New Castle News
NEW CASTLE —
Officially, China’s Communist Party congress is about setting the stage for the country’s future.
The congress, held every five years, involves a gathering of 2,200 party delegates who select the next generation of leadership.
But realistically, much of the congress is little more than show, a rallying of loyal troops. The power brokers in China’s Communist Party make all the decisions behind the scenes.
Still, the issues discussed at the congress hint at things to come. And among the subjects raised at the congress were those that one might expect in a county undergoing rapid modernization and uneven growth.
Worries about the differences between rich and poor, environmental degradation and signs of an economic slowdown were mentioned. But perhaps the biggest public display in the realm of reform dealt with corruption.
This has been a growing concern in China, as the notion of becoming wealthy has gained a foothold in many parts of the country. Corruption — particularly that displayed by government and party officials — is distorting the economic process.
In his speech to the party congress this week, Chinese President Hu Jintao tackled the corruption problem head-on. “If we fail to handle this issue well, it could prove fatal to the party, and even cause the collapse of the party and the fall of the state,” Hu told delegates, who responded with applause.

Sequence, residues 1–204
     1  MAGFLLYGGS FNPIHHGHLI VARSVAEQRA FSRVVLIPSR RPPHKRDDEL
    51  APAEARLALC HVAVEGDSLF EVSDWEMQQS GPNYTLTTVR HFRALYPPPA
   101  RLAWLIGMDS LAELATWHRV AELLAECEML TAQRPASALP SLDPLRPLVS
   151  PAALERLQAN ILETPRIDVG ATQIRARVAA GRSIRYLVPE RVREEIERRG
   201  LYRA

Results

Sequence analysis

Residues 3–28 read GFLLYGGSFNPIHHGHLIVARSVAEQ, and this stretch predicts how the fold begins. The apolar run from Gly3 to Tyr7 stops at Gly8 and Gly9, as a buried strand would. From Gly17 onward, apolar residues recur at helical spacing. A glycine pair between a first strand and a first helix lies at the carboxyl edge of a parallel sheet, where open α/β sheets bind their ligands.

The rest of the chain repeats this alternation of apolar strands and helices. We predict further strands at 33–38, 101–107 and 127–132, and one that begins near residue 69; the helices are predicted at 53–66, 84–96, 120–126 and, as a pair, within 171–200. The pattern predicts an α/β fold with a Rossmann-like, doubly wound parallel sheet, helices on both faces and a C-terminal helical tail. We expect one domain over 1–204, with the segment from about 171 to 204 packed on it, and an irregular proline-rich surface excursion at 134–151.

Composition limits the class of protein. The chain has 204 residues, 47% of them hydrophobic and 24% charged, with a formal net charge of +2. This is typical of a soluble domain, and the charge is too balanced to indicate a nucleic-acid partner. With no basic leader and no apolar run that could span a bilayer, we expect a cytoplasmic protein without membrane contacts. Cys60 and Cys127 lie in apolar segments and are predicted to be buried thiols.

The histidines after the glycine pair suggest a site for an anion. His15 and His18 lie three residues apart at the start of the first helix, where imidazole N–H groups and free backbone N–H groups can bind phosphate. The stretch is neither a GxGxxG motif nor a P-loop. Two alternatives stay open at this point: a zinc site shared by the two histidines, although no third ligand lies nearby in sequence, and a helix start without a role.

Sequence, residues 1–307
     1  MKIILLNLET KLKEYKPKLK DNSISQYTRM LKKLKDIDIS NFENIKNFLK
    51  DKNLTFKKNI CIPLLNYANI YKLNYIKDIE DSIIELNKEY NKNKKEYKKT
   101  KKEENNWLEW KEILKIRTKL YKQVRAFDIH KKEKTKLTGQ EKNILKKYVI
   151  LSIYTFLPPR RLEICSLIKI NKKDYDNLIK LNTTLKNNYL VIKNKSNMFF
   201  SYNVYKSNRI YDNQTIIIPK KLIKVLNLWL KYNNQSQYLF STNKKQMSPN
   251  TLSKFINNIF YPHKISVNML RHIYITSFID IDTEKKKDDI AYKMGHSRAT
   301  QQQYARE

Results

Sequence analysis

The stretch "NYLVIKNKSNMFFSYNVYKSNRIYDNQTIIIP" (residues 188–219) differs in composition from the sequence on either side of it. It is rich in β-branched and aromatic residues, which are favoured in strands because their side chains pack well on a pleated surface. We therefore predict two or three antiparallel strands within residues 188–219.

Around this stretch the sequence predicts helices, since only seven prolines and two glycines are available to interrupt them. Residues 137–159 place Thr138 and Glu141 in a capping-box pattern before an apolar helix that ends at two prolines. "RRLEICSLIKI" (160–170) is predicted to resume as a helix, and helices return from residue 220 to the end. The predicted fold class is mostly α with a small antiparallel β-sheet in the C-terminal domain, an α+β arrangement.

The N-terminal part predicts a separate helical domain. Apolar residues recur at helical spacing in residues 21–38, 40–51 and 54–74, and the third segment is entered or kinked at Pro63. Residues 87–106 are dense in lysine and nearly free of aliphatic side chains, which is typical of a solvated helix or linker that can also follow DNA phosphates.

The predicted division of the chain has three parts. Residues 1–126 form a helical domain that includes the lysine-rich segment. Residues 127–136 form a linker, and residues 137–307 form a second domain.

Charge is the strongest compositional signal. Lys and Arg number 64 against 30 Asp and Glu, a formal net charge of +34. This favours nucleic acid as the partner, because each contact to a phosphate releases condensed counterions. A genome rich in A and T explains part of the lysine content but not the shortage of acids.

That’s a remarkably candid assessment in a party that doesn’t like to admit its failings or shortcomings. Whether this will lead to renewed efforts to root out corruption is far less clear.
There have been some highly publicized anti-corruption campaigns in China in recent years, some of which have led to the executions of officials. But in China, it’s unclear if such moves are truly designed to restore confidence in the system or employ scapegoats to paper over problems.
At the root of China’s problem with corruption isn’t just greed amid newfound wealth. There is also the issue of rule of law — or lack thereof. Ultimately, the Communist Party in China is answerable only to itself. No matter how much the party seeks to modernize the country or advocate free-market practices, an unaccountable system that fails to appreciate the benefits of fair treatment across the board flirts with disaster.
China’s growth has been astonishing and admirable in many ways. Much of it represents a pragmatism practiced by its leaders that rejects much of what passes for communism.
But central planning and authoritarianism remain key components to decision making in China. The leadership selection process is a perfect example of that.
In China today, there is growing discomfort with this top-down system. The leadership is likely to find it difficult to pursue desired growth while maintaining central control.
That’s the challenge China faces in its future, a future that in many ways has already arrived.